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Authoritarian Behavior Costs Russia and China Support

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Floyd Ciruli

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Russia and China claim their authoritarian models offer “attractive” methods of strong, consistent governance, systems that get things done and a unique definition of democracy.

Tsai Ing-wen and Xi Jinping

Unfortunately, their behavior belies their claims. Russia’s seizure of Crimea and intervention in Donbas convinced Ukrainians that their independence was valuable and being allied with Russia was not. China’s actions in Hong Kong offered proof their guarantees of self-governance are meaningless. The invasion of Ukraine with all its death, destruction and cruelty has also failed to achieve its objectives. Meanwhile, Russia has only provided its population state-oriented propaganda and no public dialogue or debate. Russia’s behavior lacks any “attractive” aspects, and elite and public opinions in democracies have turned against both Russia and its ally, China. Several key reports of opinion:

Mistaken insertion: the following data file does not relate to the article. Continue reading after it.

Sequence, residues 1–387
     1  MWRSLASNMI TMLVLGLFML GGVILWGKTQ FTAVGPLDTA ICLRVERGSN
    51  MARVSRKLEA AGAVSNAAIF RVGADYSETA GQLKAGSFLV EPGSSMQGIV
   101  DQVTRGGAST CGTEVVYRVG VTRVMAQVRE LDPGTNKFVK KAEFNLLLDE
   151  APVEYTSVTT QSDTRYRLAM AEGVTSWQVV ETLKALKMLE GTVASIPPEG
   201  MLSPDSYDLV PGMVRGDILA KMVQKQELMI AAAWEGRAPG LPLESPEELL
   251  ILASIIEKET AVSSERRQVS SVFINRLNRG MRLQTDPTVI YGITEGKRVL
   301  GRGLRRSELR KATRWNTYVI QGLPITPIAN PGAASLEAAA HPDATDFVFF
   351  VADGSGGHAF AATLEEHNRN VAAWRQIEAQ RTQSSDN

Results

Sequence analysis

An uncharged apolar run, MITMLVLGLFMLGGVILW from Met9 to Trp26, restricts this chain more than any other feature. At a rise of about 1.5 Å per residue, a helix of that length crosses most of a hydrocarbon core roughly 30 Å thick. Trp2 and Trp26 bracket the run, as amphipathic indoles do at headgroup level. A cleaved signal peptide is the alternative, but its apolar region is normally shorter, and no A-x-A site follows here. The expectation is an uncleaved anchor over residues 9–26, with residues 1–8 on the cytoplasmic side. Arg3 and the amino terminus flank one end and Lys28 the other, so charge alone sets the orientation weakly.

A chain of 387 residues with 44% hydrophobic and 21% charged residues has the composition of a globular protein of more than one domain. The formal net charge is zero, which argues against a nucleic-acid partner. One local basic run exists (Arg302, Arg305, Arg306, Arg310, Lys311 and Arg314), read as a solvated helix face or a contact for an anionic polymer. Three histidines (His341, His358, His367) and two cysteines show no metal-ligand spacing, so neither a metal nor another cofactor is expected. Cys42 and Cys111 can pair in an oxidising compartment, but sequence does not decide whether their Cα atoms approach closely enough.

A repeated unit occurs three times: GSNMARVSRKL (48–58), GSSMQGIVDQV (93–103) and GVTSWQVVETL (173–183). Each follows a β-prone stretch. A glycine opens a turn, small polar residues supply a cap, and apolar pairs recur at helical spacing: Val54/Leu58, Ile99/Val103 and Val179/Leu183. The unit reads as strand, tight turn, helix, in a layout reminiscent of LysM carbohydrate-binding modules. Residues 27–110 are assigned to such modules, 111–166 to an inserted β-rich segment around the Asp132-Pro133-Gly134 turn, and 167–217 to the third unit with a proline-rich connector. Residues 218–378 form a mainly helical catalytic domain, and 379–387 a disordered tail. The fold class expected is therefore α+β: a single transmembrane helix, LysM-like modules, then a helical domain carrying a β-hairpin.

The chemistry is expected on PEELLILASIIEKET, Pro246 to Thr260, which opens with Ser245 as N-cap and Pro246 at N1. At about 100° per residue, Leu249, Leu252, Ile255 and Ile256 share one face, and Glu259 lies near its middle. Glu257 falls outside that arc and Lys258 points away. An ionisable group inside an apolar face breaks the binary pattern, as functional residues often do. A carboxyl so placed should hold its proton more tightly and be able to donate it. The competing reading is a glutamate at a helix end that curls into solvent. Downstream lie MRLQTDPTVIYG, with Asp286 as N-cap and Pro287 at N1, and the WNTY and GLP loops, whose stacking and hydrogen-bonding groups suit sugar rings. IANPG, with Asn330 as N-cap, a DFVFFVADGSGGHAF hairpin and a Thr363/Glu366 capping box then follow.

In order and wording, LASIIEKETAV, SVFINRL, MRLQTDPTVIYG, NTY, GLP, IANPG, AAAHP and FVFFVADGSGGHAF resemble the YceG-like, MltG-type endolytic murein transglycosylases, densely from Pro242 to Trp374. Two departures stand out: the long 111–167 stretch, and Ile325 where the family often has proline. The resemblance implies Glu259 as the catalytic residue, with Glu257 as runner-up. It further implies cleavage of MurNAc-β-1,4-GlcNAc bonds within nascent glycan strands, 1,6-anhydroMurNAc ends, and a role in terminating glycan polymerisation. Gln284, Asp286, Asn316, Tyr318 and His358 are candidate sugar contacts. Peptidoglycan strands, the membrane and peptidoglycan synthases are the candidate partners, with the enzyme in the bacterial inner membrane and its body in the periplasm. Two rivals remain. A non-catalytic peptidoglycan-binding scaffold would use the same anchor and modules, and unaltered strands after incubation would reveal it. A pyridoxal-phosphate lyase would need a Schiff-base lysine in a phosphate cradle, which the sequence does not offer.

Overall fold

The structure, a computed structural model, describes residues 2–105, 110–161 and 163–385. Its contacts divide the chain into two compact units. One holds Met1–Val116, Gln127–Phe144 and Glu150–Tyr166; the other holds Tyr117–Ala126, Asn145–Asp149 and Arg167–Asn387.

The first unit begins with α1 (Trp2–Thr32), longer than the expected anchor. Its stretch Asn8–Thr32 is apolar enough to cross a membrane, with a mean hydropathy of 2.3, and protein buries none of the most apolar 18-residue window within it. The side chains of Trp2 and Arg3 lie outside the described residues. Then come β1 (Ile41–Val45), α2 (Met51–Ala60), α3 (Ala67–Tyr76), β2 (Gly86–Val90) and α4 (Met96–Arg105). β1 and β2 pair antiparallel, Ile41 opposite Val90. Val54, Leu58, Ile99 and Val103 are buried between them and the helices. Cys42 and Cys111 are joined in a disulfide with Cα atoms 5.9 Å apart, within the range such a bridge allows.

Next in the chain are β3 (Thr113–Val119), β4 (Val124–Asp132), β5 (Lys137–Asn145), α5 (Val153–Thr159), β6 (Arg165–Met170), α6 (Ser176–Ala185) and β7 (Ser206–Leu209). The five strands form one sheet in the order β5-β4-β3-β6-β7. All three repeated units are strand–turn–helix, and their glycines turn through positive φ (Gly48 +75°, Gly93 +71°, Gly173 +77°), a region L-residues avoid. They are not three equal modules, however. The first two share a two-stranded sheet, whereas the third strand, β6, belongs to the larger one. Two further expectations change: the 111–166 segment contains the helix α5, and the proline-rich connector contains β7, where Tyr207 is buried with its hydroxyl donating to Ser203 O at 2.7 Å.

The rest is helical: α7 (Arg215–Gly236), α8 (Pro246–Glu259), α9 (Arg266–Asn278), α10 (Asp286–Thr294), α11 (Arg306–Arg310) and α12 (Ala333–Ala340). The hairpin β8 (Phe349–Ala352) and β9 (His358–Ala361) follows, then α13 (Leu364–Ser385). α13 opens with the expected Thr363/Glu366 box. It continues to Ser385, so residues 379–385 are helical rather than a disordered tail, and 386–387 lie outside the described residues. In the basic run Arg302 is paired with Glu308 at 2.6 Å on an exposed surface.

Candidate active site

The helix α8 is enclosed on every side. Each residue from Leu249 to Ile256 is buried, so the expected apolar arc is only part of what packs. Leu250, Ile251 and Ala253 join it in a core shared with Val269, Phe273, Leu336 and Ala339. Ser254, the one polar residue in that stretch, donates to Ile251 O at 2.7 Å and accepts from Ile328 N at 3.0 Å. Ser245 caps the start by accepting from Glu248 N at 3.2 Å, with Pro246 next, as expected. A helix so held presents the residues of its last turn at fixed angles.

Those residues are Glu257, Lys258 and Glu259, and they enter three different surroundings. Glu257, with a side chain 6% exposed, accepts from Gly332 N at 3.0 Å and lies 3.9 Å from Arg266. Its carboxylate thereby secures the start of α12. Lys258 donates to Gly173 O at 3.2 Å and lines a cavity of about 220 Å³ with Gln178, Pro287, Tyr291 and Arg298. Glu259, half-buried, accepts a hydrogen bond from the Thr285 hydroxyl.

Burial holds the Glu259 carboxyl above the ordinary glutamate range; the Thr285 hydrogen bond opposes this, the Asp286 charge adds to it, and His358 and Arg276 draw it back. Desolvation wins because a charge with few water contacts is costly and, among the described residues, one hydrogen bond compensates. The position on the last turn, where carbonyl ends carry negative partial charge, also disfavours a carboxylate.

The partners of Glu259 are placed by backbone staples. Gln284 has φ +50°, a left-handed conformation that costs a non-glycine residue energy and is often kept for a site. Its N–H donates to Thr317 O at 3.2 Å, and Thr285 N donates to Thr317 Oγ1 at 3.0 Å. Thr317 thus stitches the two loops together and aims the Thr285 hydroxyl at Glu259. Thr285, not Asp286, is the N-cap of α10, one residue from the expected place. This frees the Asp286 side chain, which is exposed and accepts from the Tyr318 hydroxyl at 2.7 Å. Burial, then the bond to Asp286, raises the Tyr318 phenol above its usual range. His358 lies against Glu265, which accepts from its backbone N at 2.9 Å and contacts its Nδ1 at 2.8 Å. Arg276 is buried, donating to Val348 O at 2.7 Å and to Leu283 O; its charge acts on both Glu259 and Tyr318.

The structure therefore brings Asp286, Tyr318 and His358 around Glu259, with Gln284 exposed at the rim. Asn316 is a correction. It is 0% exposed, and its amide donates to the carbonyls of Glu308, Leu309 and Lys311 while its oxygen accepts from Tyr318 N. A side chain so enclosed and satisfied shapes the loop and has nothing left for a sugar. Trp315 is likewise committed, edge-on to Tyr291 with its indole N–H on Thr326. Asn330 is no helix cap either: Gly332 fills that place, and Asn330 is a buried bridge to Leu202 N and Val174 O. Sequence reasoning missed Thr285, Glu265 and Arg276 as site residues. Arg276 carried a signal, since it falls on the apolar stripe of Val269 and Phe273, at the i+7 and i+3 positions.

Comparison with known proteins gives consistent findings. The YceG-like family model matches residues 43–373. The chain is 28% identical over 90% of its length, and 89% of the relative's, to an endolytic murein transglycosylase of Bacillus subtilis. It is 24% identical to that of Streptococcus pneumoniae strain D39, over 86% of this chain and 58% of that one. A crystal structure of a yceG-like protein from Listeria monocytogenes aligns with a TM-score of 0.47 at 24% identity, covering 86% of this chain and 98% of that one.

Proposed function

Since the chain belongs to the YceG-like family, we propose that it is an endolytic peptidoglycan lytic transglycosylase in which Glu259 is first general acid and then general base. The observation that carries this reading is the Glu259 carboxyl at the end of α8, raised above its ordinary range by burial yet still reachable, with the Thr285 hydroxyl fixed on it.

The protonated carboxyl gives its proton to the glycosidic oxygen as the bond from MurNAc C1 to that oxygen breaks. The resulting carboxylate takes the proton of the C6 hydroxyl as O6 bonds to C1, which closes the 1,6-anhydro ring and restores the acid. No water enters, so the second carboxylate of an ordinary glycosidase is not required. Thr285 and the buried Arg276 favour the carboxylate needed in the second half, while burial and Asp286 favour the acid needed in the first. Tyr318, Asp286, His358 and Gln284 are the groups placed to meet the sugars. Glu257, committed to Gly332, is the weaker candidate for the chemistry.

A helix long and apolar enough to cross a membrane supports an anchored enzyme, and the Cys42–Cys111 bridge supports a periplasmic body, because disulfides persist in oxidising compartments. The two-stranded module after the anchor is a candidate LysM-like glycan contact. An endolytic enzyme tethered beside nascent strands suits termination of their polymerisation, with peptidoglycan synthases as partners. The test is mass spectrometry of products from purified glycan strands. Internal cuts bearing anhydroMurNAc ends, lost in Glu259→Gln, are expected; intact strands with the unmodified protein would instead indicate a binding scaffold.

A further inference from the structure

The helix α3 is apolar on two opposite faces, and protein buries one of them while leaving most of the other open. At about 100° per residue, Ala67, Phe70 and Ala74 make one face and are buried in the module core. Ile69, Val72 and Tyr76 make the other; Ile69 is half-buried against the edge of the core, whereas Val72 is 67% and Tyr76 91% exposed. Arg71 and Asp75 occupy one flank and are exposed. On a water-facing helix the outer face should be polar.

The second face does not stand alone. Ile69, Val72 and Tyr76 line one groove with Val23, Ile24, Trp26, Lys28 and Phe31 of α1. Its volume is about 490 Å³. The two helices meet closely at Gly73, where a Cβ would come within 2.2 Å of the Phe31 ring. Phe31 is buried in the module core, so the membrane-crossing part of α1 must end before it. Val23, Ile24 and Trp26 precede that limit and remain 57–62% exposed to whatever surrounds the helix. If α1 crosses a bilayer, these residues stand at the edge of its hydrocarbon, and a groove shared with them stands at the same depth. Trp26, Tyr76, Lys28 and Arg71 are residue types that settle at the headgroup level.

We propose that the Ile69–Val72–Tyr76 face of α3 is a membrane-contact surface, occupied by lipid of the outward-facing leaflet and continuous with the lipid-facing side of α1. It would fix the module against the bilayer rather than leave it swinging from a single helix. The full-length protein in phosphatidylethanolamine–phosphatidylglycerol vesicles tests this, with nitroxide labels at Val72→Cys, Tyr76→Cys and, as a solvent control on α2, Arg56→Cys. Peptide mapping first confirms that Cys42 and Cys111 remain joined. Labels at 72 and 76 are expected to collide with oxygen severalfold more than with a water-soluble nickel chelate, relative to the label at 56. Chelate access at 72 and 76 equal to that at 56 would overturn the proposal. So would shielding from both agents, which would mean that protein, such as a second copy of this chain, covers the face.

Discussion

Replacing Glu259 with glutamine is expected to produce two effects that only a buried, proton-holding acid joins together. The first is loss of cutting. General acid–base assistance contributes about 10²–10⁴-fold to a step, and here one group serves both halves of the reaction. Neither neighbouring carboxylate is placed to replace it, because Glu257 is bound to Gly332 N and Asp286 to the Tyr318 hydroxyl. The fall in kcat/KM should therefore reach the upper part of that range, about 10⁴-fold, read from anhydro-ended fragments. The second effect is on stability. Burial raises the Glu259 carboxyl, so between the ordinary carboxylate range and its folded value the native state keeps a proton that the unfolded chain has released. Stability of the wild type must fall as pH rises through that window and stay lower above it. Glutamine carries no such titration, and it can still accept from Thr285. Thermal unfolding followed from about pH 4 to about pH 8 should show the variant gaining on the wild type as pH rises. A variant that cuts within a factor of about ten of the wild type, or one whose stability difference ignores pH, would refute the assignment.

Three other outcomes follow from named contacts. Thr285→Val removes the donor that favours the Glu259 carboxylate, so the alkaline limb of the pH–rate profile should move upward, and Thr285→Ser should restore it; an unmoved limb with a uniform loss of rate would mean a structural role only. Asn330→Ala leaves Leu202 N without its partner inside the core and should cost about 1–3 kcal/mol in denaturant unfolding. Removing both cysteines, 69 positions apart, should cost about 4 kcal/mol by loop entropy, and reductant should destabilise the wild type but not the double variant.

• Ukraine turns against Russia after Crimea and Donbas: In 2013, it believed Russia was “mostly good” – 88%, but only 42% in 2021; in 2013, join NATO – 30%, but 56% in 2021 (2021)
  • Taiwan: After being largely apathetic, 72% will now fight against forced unification, 62% even if declare independence (youth more supportive), 60% identify Taiwanese (2021)
  • Japanese public support more assertive action: 86% support Prime Minister Kishida’s sanctions on Russia, 90% concerned China may invade Taiwan, 75% worried about disputed islands with China (2022)
  • U.S. would defend Taiwan with troops in 2021 – 52%, 19% in 1982; 60% see Taiwan as an ally or partner; 61% China rival or adversary; Americans are 84% favorable toward Japan (2021)
  • Democracies. There has been a 20% increase in approval in most NATO countries since 2020. NATO has been revived in key European countries, up 30% in Germany, 19% in France and 18% in Britain.